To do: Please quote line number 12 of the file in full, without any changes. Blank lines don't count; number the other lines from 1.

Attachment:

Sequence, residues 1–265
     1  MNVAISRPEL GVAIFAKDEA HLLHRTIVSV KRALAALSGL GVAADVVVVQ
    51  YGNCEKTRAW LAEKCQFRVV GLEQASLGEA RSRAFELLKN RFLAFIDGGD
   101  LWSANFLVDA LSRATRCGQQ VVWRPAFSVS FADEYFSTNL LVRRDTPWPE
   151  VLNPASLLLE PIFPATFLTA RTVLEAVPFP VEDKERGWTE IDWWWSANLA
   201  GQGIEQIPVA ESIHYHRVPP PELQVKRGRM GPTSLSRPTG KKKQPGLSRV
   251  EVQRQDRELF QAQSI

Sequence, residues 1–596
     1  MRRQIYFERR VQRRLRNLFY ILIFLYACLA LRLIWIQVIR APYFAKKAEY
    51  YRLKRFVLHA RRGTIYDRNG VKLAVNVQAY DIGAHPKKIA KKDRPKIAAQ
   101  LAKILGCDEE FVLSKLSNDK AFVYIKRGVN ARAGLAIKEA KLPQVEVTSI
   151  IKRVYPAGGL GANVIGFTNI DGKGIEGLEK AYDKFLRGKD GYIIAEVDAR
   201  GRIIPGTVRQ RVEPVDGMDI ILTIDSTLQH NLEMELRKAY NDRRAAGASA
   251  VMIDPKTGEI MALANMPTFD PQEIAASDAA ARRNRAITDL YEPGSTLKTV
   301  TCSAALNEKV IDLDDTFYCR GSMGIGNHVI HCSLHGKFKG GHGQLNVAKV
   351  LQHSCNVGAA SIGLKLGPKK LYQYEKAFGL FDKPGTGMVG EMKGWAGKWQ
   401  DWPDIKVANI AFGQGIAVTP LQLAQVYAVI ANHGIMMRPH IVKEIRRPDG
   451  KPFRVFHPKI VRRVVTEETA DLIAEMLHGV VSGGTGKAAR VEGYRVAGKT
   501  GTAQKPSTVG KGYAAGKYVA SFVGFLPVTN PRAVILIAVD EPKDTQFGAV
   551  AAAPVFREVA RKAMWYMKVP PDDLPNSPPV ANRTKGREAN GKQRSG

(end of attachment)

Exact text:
   151  IKRVYPAGGL GANVIGFTNI DGKGIEGLEK AYDKFLRGKD GYIIAEVDAR